Restricted-Access Welder Performance Qualification

Incorporating special welder test requirements at the beginning of projects could have significant advantages.

AWS Publications | March 17, 2023 | Inspection
Welding Digest ►  Restricted-Access Welder Performance Qualification

Incorporating special welder test requirements at the beginning of projects could have significant advantages.

It’s well known that work such as fired heater and boiler fabrication requires high-quality welds. Unless you are fortunate enough to be already utilizing a company that specializes in boiler or furnace fabrication or happen to have highly talented welders on the job, restricted-access performance testing is seldom thought about until the project is over budget and behind schedule because of weld rework.


Decisions and Implications

A significant challenge could be convincing management that the added upfront cost outweighs the high potential for rework and project delays. Recognizing and adding the requirement for restricted-access welder qualifications after the job is underway can jeopardize a project. 

Whether it’s just adding a restriction plate to the test coupon or doing a production weld mockup, those requirements take a much higher level of skill than passing a standard 6G pipe qualification test. As a result, you may lose a large percentage of your welding staff because they won’t pass the test, not to mention the added expense and disruption of pulling personnel off production work to do more qualification testing and stressing about how much trouble the project is in. 

Or you can just leave things alone, roll the dice, and go with whatever you have. Projects still get done using this approach, but usually with more rework than expected and much unplanned overtime to make mechanical completion dates. If you happen to be the fabricator, your profit and reputation for quality could disappear, and you may even lose customers.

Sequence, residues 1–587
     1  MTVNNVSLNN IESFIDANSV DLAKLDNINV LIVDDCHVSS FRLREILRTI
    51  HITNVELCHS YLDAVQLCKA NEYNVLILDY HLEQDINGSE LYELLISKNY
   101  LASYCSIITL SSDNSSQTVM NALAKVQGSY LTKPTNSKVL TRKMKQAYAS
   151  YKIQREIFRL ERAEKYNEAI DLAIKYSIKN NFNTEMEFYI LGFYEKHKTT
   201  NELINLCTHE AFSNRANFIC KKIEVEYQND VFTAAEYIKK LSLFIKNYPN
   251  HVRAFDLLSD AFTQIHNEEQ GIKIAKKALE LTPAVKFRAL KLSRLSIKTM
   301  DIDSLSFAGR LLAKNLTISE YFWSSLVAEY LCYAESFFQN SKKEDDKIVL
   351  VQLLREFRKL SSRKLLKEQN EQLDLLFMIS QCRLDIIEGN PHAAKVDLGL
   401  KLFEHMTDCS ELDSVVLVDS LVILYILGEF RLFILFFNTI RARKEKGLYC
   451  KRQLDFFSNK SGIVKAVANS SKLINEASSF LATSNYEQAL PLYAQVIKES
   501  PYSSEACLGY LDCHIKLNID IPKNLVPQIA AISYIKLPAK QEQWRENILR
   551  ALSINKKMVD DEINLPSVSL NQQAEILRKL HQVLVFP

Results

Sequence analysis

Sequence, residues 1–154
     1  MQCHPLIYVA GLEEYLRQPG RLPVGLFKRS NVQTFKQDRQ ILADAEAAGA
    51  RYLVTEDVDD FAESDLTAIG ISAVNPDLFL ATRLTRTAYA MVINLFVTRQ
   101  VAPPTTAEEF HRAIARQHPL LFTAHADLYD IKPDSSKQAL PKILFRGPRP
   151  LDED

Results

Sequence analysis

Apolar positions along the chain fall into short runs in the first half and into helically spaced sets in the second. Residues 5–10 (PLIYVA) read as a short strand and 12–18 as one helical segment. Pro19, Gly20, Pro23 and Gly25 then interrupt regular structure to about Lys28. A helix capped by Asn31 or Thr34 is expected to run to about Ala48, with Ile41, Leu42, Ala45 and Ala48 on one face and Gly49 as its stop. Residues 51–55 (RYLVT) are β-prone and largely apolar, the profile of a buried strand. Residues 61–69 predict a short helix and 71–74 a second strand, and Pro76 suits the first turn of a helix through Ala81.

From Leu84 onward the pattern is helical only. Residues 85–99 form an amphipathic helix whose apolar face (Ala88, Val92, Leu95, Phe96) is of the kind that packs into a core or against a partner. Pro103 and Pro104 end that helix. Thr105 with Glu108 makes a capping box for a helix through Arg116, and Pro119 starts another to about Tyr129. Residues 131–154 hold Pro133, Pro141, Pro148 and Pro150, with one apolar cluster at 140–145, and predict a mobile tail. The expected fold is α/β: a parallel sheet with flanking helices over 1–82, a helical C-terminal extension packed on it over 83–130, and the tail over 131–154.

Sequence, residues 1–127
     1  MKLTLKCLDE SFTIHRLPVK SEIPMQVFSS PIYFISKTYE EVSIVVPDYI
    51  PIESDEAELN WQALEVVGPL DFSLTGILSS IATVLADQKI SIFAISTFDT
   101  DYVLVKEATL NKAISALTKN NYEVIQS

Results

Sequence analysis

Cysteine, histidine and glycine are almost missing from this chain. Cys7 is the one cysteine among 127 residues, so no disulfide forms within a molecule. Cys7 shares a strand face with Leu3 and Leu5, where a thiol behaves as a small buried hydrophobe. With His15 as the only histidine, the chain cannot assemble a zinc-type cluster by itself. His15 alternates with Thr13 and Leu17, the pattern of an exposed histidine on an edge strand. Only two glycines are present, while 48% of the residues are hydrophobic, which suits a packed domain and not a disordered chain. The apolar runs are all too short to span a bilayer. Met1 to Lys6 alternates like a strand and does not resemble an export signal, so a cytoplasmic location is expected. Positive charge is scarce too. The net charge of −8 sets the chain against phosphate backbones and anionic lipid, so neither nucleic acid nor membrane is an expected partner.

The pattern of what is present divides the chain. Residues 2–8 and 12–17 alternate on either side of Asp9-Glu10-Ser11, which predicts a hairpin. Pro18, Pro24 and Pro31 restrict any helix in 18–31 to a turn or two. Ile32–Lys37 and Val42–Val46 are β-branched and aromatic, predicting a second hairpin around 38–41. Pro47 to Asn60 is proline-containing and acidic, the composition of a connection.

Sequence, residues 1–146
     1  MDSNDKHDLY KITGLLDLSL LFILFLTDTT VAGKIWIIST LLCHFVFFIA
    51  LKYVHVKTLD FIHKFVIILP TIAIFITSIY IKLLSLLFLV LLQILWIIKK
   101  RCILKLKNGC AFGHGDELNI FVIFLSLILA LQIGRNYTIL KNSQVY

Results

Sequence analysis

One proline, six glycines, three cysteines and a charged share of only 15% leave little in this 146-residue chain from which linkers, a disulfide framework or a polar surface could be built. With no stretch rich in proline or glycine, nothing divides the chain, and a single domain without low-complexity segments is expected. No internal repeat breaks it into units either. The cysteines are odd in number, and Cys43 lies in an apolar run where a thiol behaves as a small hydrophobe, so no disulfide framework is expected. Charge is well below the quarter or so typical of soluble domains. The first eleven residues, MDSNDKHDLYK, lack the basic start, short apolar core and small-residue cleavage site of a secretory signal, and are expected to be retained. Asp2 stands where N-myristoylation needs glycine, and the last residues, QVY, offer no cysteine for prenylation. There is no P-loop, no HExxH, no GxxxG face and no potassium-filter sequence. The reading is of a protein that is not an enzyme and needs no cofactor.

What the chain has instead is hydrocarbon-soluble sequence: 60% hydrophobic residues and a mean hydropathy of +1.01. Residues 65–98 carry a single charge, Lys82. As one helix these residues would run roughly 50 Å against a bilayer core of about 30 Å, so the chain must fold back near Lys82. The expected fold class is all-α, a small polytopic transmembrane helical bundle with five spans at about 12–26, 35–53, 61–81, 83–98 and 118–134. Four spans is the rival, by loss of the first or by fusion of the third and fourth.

Successful Implementation

The industry has had provisions for restricted-access or special-position welder performance qualification testing for years, so it’s not a new concept. However, most industry codes and standards don’t provide much guidance other than recognizing it. 

For example, in the ASME Boiler and Pressure Vessel Code, Section IX, Welding, Brazing, and Fusing Qualifications, restricted access or special-position welder performance qualification testing is defined as special positions, but nothing else is specified other than a few minor variables. It’s left up to the manufacturer or author of the specification to determine the test coupon configuration and welding parameter requirements.  

To be successful, only individuals with the proper technical knowledge and practical experience should be involved with designing and specifying test requirements. Having this experience is essential for individuals overseeing test activities and having responsibility for accepting the completed test coupons. This is an advanced work activity that is not for novices.



Incorporating special welder test requirements into project specifications will add upfront costs, and the pool of qualified welders will be much smaller, but the payoff will be big — the savings from having low rework costs and keeping your reputation for high quality. This is something to consider for your next project that involves restricted access weld joints. 

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This article was written by Chuck Mielke, Certified Welding Inspector and owner of Mechanical Integrity Inspection and Consulting LLC, Manasquan, N.J., for the American Welding Society.